The truth is that Q & A is critically important to effective business presentations. Question-and-answer sessions give you the chance to enrich and deepen listeners’ experience of your talk. That in itself is refreshing for both you and your audience. Yet there are at least four additional reasons why you should love Q & A, or at the very least look forward to it:
Reason # 1: Your presentation may have confused some audience members or left them unconvinced. (Or worse, left them unimpressed with you as a speaker.)
In such cases, Q & A is your golden opportunity to either continue to inform and convince—or to do so at last as you conclude your presentation. Remember that speakers who handle themselves with style and assurance in the rough-and-tumble of Q & A may win over some listeners for the first time! To understand your audience better even before you start speaking, learn how to conduct an audience analysis.
Reason # 2: It’s your chance to clarify your argument, give examples of your solution in action, or overcome opposition.
Most of the time, you’re challenged to cram essential information into a too-brief presentation period. Because Q & A gives the appearance of being audience controlled rather than speaker controlled, it allows you to expand your argument while responding directly to your listeners “off the clock.” The atmosphere created should feel more relaxed, while giving you greater scope to deepen your audience’s understanding. Here are 3 ways to overcome serious resistance—from your boss or anyone in the audience.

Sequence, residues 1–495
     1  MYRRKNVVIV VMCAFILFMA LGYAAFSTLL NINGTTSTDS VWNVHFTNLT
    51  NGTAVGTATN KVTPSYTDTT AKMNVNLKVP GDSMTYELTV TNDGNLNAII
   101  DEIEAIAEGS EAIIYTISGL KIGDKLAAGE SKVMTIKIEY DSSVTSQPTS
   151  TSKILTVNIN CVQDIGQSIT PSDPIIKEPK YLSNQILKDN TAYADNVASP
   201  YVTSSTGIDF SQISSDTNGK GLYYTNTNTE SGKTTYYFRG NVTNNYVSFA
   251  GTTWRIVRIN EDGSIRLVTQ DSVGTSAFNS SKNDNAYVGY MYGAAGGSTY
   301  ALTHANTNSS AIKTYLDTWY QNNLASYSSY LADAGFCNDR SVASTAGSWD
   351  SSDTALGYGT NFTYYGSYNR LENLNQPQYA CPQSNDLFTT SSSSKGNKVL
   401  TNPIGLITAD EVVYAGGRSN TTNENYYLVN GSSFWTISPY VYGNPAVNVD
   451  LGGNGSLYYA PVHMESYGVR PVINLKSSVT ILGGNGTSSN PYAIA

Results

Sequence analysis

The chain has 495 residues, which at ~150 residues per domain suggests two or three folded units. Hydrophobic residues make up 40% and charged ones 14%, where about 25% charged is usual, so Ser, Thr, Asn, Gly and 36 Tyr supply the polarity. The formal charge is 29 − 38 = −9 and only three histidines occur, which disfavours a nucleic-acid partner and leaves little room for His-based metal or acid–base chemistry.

Reason #3: Q & A is more conversational and natural than a one-way speech.
All effective public speaking is conversational. Audiences want speakers to communicate with them honestly, openly, and in everyday language. Too often, speeches have the feeling of a monologue, delivered through a one-way dynamic to a polite but anesthetized crowd of onlookers.
The back-and-forth of Q & A should feel more comfortable to you AND your listeners. Best of all, when you’re conversing about a topic you truly care about, all of your best qualities as a speaker will emerge. Do you know about the 7 key speech problems in business? Find them here.
Reason #4: Q & A demands your absolute best.
Let’s face it: A question-and-answer period is a tremendous challenge. You can practice your presentations to your heart’s content—but you can never know what queries and objections may come your way when you invite your listeners to respond.
To excel in Q & A, you have to be 100% focused and able to think nimbly on your feet; sensitive to your audience’s feelings and opinions; and empathetic concerning individual questioners’ points of view. Oh, and you must remain spontaneous, flexible, logical, and good natured.
Accomplish all of this—with a dash of humor tossed in if you can manage it—and you may surpass the effectiveness of your presentation itself.
Key takeaways from this blog:
- Question-and-answer sessions are an excellent forum for persuasion.
- If you can shine in Q & A, your credibility will soar.
- Q & A is a golden opportunity to help confused or unconvinced listeners.
- You can further clarify your argument or give examples of your solution.
- Q & A is more conversational, and so can help you appear at your best.